Math 128A
Numerical Analysis
Fall Quarter 2019
Instructor: Professor Bob Guy
Office: MSB 2136
Email: guy@math.ucdavis.edu
Phone: 7549201
Class webpage: www.math.ucdavis.edu/~guy/teaching/128a
Text: A First Course in Numerical Methods, by Uri Ascher and Chen Greif. SIAM, 2011.
Electronic version available through the library from
https://doi.org/10.1137/9780898719987
Teaching Assistants
Karry Wong, ucdwong@ucdavis.edu, MSB 3139
Carter Johnson, caljohnson@ucdavis.edu, MSB 2141
Office Hours
Monday, 4:155:30, Prof. Guy, MSB 2136
Tuesday, 1:002:00, Carter, MSB 2141
Wednesday, 11:3012:30, Prof. Guy, MSB 2136
Wednesday, 3:005:00, Karry, Academic Surge 1029
Thursday, 1:002:00, Carter, MSB 2141
Thursday, 4:005:30, Prof. Guy, MSB 2136
Homework
You are encouraged to talk with your classmates about homework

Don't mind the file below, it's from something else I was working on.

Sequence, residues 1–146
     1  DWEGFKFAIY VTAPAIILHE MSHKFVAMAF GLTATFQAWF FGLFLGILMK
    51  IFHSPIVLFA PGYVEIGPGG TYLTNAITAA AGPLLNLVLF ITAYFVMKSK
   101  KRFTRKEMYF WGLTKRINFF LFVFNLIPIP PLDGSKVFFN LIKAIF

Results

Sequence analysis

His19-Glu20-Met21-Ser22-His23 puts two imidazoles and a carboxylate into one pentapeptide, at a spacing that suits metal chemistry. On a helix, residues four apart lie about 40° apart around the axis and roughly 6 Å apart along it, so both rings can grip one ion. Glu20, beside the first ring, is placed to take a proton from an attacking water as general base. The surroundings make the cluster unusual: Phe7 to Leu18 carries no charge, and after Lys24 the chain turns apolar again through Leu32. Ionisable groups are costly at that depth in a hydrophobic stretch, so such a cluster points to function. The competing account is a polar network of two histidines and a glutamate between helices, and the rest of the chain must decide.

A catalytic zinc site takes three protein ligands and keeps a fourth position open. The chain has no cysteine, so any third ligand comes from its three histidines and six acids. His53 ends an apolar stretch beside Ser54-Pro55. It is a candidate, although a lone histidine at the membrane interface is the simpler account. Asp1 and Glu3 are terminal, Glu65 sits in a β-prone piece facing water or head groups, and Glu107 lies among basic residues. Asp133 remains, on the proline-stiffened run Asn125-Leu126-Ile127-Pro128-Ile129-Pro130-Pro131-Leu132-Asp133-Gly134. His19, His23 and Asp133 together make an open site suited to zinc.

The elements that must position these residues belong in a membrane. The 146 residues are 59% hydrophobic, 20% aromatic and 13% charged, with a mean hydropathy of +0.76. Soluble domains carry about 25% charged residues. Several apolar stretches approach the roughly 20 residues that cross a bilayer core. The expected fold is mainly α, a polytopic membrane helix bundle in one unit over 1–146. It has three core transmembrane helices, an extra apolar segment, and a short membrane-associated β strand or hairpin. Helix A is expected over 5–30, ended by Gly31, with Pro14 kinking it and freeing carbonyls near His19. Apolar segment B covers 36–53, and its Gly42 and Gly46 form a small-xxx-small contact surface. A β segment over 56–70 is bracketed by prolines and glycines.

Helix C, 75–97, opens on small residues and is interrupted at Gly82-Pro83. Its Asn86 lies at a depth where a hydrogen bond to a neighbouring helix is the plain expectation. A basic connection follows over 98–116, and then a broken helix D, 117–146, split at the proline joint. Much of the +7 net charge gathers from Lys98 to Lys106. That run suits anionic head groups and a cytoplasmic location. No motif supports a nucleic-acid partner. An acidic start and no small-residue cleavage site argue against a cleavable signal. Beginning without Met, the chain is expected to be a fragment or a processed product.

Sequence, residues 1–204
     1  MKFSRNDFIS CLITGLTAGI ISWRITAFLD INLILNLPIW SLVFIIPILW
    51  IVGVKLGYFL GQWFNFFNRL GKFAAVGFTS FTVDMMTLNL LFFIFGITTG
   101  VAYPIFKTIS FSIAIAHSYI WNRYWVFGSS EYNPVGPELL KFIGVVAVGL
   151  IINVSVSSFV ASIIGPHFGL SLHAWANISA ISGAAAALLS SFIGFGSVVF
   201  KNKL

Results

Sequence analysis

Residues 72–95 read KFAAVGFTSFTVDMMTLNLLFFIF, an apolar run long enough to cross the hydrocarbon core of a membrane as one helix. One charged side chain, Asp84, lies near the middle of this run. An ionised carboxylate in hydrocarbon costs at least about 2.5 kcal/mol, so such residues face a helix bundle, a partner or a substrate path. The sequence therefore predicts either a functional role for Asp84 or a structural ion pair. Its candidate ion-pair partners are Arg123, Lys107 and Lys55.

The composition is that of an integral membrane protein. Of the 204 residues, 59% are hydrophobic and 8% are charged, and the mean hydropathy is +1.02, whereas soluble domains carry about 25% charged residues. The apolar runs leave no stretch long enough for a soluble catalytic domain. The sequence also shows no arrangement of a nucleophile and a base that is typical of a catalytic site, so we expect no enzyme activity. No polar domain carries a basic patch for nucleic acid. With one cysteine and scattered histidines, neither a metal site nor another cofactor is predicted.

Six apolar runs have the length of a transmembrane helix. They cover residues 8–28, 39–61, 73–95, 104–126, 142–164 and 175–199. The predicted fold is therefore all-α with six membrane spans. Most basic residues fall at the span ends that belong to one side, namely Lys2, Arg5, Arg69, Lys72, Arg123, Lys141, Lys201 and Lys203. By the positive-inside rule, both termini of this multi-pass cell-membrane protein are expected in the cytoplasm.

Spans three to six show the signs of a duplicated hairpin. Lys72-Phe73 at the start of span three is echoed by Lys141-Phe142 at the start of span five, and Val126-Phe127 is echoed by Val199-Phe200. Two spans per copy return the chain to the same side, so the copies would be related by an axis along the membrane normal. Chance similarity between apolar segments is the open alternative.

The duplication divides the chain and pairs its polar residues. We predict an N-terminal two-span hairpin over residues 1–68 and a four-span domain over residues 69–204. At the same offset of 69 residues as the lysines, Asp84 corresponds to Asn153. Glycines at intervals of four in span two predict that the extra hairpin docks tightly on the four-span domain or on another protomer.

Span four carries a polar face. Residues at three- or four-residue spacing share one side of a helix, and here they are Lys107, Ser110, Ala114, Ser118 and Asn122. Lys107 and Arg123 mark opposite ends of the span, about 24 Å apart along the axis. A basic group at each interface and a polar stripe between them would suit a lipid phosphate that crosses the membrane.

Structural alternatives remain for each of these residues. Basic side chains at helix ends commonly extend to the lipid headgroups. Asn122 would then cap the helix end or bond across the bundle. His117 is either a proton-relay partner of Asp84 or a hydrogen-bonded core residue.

problems. You may work in groups with up to three students and turn
in a single writeup for the group. All aspects of your write up must
be clearly presented. Your writing should be clear and grammatically
correct. Your codes must be thoroughly commented. All tables and
figures must be appropriately labeled. You will be graded on the
quality of your presentation.
Late homework will not be accepted!
Homework 1, due Friday, 10/11
Homework 2, due Friday, 10/25
Homework 3, due Wednesday, 11/13
Homework 4, due Tuesday, 11/26
noisy_signal.txt
Homework 5, due Friday, 12/6
Homework Instructions:
 Some homework do's and don't's.
 You may work in groups of up to 3. You may work with people in either section of the class. Only one report will be submitted for each group. You must put all participating group members names on the report. If group members names are not on the report, they will not get credit for the homework. All members will get the same grade.
 Your writeup must be submitted as a single pdf file. Other file types will not be accepted.